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GEMS4 takes campaign to Mile 12 market

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Practice Manager, West Africa World Bank Trade & Competitiveness, Rashmi Shankar (l); Financial Secretary, Fresh Fruit & Perishable Items dealers association, Mile 12, Alhaji Shehu Sani; Lead Private Sector Specialist, West Africa World Bank Trade & Competitiveness, Guilllemette Jaffrin; and Intervention Manager, GEMS4, Mr. Sherrif Mohammed, at the market, for fruit and perishable items package campaign in Lagos State.  

Practice Manager, West Africa World Bank Trade & Competitiveness, Rashmi Shankar (l); Financial Secretary, Fresh Fruit & Perishable Items dealers association, Mile 12, Alhaji Shehu Sani; Lead Private Sector Specialist, West Africa World Bank Trade & Competitiveness, Guilllemette Jaffrin; and Intervention Manager, GEMS4, Mr. Sherrif Mohammed, at the market, for fruit and perishable items package campaign in Lagos State.

As part of effort to curtail tomato losses in the country, Growth and Employment in States – Wholesale and Retail Trade (GEMS4), an economic development project jointly funded by the World Bank and DFID/UKAid, took good handling packaging campaign for perishable produce to Mile 12, Market, Lagos.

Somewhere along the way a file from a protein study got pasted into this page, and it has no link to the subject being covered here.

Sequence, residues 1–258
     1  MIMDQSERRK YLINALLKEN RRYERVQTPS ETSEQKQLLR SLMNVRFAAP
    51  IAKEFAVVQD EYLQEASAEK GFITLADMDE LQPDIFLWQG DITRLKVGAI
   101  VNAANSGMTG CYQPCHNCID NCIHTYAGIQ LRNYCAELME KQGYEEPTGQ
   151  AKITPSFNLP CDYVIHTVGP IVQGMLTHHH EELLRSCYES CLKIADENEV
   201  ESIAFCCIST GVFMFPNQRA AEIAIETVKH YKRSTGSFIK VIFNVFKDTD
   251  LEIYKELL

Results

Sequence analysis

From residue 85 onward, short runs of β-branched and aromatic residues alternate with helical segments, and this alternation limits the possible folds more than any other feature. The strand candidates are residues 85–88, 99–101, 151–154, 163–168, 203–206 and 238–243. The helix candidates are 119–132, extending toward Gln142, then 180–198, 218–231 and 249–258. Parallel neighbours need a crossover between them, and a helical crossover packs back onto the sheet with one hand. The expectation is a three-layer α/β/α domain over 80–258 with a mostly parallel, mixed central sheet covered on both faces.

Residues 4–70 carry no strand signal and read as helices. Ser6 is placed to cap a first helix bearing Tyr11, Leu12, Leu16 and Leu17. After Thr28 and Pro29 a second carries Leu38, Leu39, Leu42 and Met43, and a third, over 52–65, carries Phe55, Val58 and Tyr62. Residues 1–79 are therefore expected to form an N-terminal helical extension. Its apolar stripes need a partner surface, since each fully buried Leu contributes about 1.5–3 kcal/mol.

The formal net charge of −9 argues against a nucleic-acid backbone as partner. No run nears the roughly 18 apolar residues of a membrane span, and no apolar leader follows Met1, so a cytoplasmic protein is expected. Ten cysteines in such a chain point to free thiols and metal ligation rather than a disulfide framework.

GEMS4 is focused on increasing incomes and employment opportunities in the wholesale and retail sector, by providing solutions to systemic constraints and the inclusion of small and micro enterprises into better functioning market systems.

According to statement by its media officer, Mr. Michael Adaji, the main goal is the creation of 10,000 new jobs and increased incomes for 500,000 people, especially for the poor and for women. Also utilising the Making Markets Work for the Poor (M4P) approach, “GEMS4 is working with market actors, linking them and changing market incentives so they serve each other better.”

It stated that the project is also building local capacity for the market to meets the long-term needs of the poor, noting that the constraint is that as Nigeria produces 1.5 million tons of tomatoes each year, over 40 per cent of annual produce is disposed off, due to depreciation and spoilage caused by several constraints, including poor produce handling and poor produce packaging.

“On the average, each 350 basket truckload (18 metric tonnes) loses 144 baskets, this often represents financial losses of about N902, 000 (£3,000) of the N2, 200,000 (£7,333) cost of the whole truckload.

“Over the years, the financial losses due to produce depreciation and spoilage have been borne by actors in the perishable produce value chain as an unavoidable hazard and incomes remain perennially low, despite a burgeoning population presenting significant commercial opportunities.


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